Stonechat’s a tough little bird
THE sighting of a lively little stonechat is certain to brighten up a winter’s day.
There appear to be plenty of these attractive small birds around Teesside at the moment, especially in coastal areas.
Stonechats are easily dismissed in silhouette because they are virtually the same shape and size as a robin. But when you are strolling along a path they have a habit of staying close by, flying ahead of you and repeatedly flicking their wings when they land three or four fence-posts ahead.
As you can see from this superb picture from John Money, right, which shows a male stonechat in full plumage, the bird is a little cracker.
The males have striking black heads with white collars, and orange-red breasts.
As often happens in the birding world, the females are not so showy, though they still have plenty of orange on their breasts which makes them stand out.
Stonechats get their name ap- parently because their sharp shrill song sounds like two stones being rubbed together.
They are one of the few insecteating birds to tough it out through the British winters, though they will also take seeds and any remaining blackberries which they find in coastal shrub.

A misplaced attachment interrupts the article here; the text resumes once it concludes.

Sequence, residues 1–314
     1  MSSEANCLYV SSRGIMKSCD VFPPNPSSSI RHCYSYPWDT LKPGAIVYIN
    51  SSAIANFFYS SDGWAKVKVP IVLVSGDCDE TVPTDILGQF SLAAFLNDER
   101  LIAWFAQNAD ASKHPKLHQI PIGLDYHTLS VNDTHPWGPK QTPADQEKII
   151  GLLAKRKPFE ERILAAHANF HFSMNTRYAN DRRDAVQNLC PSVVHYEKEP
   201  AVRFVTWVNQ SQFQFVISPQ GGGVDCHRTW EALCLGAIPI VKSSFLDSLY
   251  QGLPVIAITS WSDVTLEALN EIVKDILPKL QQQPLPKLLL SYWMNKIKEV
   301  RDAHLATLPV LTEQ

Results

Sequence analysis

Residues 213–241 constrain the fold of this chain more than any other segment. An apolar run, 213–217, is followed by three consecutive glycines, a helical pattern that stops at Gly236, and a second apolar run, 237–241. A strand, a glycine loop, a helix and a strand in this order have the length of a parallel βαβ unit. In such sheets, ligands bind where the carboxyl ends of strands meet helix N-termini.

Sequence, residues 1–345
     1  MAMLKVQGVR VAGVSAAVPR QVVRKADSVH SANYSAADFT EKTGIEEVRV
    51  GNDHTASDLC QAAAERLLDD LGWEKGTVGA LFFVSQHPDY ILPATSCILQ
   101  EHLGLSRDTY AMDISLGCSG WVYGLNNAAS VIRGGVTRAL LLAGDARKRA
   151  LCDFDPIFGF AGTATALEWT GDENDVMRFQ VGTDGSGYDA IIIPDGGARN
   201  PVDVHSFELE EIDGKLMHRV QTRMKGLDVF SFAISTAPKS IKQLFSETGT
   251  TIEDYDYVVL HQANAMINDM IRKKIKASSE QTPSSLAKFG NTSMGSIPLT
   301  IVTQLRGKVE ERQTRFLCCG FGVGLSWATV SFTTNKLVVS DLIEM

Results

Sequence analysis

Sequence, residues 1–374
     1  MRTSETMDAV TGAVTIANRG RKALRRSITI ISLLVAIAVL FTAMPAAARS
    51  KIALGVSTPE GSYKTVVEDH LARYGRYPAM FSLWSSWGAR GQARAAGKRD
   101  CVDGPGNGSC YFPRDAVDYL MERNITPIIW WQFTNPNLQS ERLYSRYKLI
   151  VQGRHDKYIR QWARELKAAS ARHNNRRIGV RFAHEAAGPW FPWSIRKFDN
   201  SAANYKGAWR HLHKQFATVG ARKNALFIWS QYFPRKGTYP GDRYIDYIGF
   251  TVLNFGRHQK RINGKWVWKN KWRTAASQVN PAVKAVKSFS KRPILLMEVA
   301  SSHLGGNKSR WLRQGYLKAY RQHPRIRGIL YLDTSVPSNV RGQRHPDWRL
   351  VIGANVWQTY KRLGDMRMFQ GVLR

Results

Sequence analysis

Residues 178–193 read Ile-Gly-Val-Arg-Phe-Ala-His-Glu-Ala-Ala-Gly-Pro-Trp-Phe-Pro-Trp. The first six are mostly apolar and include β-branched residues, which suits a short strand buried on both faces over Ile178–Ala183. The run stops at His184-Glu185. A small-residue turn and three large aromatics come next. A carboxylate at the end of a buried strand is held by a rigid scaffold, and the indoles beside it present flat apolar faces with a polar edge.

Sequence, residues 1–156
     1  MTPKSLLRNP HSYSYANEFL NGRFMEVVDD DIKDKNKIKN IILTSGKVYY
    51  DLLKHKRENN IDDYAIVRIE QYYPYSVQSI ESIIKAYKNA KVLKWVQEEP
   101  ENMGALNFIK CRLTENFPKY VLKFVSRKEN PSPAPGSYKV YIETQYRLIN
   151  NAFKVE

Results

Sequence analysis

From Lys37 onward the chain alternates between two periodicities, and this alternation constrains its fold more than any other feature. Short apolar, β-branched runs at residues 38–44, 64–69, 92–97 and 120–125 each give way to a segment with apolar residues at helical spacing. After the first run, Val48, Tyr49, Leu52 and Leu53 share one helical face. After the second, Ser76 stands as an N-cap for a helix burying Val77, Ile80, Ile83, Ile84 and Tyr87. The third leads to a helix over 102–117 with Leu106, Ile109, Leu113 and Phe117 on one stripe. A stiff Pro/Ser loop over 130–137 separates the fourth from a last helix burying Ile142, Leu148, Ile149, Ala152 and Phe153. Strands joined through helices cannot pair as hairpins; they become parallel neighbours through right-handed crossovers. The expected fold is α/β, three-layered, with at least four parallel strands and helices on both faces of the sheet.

In ancient Scottish folklore the stonechat was believed to possess occult powers which later inspired the poet WH Auden when he wrote The Wanderer.
Personally the only power which the stonechat possesses is one which encourages me to make as many coastal treks as possible during the winter.
From stonechats to starfish, and Keith Parnell recently had a strange experience at his Redcar home.
He said: “I was sitting in my conservatory when there was a bang on the roof. Expecting to find an injured or dead bird on the ground, imagine my surprise when I found a leg from a starfish.
“It was still fresh too – obviously dropped by one of the many gulls flying around Redcar.” It’s a well-known fact that starfish can regenerate a lost arm, so we must hope that the unfortunate starfish had this arm bitten away on the beach and is currently growing a new one in a Redcar rock pool.
Starfish actually store most of their vital organs in their arms. I understand that it is possible for some starfish to regenerate a completely new starfish from just one arm and a portion of the central disc.
Maybe Keith should put the leg in a bucket of salty water!
Eric would like to hear from readers about what they have seen. Email him at firstname.lastname@example.org